With its new formula, USAT now says it has 2.9 million in circulation vs. 1.7 million in its March 31 report to the Alliance for Audited Media. That compares with 2.3 million for the WSJ and 1.9 million for the NYT, according to a report today in Capital New York.

However, USAT's new count masks another stunning loss of print circulation for the six months ended Sept. 30. It plunged 19% from a year ago, according to a Poynter Institute report today.

USAT's decision to count tablet and mobile data will help soften the blow of steep circulation losses the paper has forecast as a result of doubling its single-copy price to $2 on Sept. 30.

Digital age challenges
Kramer's memo arrives as the AAM (formerly the Audit Bureau of Circulations) released its Sept. 30 report to members this morning. Effective today, the AAM is no longer making public its top-25 circulation reports, however.

The industry has been wrestling with how to count circulation in the digital age, where papers have gained millions of readers who access websites for free. Historically, the industry had always counted paid circulation as most valuable. The shifting accounting has been a particular challenge for USAT, which doesn't charge readers for digital access to its website and digital apps -- unlike the WSJ and NYT.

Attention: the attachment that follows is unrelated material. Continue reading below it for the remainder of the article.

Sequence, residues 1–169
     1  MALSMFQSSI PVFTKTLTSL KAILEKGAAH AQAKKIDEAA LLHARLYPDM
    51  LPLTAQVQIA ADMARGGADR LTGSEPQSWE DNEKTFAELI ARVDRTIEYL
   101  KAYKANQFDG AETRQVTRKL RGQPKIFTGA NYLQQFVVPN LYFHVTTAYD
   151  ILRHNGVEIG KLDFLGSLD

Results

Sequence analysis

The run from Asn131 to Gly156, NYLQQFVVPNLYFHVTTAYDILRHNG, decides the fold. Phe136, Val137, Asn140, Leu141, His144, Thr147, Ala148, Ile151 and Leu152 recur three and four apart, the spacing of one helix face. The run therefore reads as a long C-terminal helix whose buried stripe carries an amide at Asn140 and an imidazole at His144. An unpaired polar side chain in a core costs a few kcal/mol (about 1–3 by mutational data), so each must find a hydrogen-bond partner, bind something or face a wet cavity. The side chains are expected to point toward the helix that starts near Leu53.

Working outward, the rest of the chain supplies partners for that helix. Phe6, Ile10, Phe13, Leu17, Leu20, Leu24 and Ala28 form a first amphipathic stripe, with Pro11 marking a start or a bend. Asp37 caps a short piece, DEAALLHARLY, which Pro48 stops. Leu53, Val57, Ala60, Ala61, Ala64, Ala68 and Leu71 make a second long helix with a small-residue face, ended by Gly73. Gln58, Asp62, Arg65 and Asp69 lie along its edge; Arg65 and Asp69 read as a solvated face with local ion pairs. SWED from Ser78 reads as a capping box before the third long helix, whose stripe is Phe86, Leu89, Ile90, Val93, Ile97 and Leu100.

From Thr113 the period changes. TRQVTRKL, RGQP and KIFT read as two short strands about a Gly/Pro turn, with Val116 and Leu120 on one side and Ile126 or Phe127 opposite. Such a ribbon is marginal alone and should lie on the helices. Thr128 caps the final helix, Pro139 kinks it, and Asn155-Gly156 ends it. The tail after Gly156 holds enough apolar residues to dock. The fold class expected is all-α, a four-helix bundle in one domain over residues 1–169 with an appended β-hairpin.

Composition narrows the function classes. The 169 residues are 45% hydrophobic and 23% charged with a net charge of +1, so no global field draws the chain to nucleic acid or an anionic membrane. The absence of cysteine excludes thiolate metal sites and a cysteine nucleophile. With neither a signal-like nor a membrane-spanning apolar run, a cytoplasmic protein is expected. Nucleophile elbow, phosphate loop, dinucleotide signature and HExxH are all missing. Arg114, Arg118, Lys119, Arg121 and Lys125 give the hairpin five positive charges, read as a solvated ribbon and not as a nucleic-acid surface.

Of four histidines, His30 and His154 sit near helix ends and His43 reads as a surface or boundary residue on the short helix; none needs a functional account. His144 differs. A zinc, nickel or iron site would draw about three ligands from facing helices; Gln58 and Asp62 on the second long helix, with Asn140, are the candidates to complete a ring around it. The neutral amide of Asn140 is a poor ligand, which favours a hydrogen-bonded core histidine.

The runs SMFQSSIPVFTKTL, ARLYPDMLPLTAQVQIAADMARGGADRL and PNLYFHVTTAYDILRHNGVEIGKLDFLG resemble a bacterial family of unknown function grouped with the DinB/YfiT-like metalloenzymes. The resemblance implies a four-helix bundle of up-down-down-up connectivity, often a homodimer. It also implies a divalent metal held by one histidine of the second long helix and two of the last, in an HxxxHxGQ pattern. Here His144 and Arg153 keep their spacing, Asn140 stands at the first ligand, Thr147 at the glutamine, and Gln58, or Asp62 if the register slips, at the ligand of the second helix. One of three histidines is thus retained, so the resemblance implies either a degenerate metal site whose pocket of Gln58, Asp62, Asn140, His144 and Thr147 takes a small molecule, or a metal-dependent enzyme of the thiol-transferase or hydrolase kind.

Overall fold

AAM Executive Vice President Neal Lulofs told Poynter that the group's traditional method of counting circulation is no longer a meaningful metric for advertisers in today’s "complex multichannel, print/digital, paid/free, branded edition, bundled/paywalled, you-name-it environment."

The Butterfly Project, which has been in the works for more than a year, was seen as another way for USAT to regain traction in circulation and advertising while also giving an editorial boost to Gannett's community dailies. The standalone USAT section provides another platform to sell national advertising and adds dozens of pages of additional foreign and national news to the smaller community papers every week. The section is produced by USAT at its main office in McLean, Va.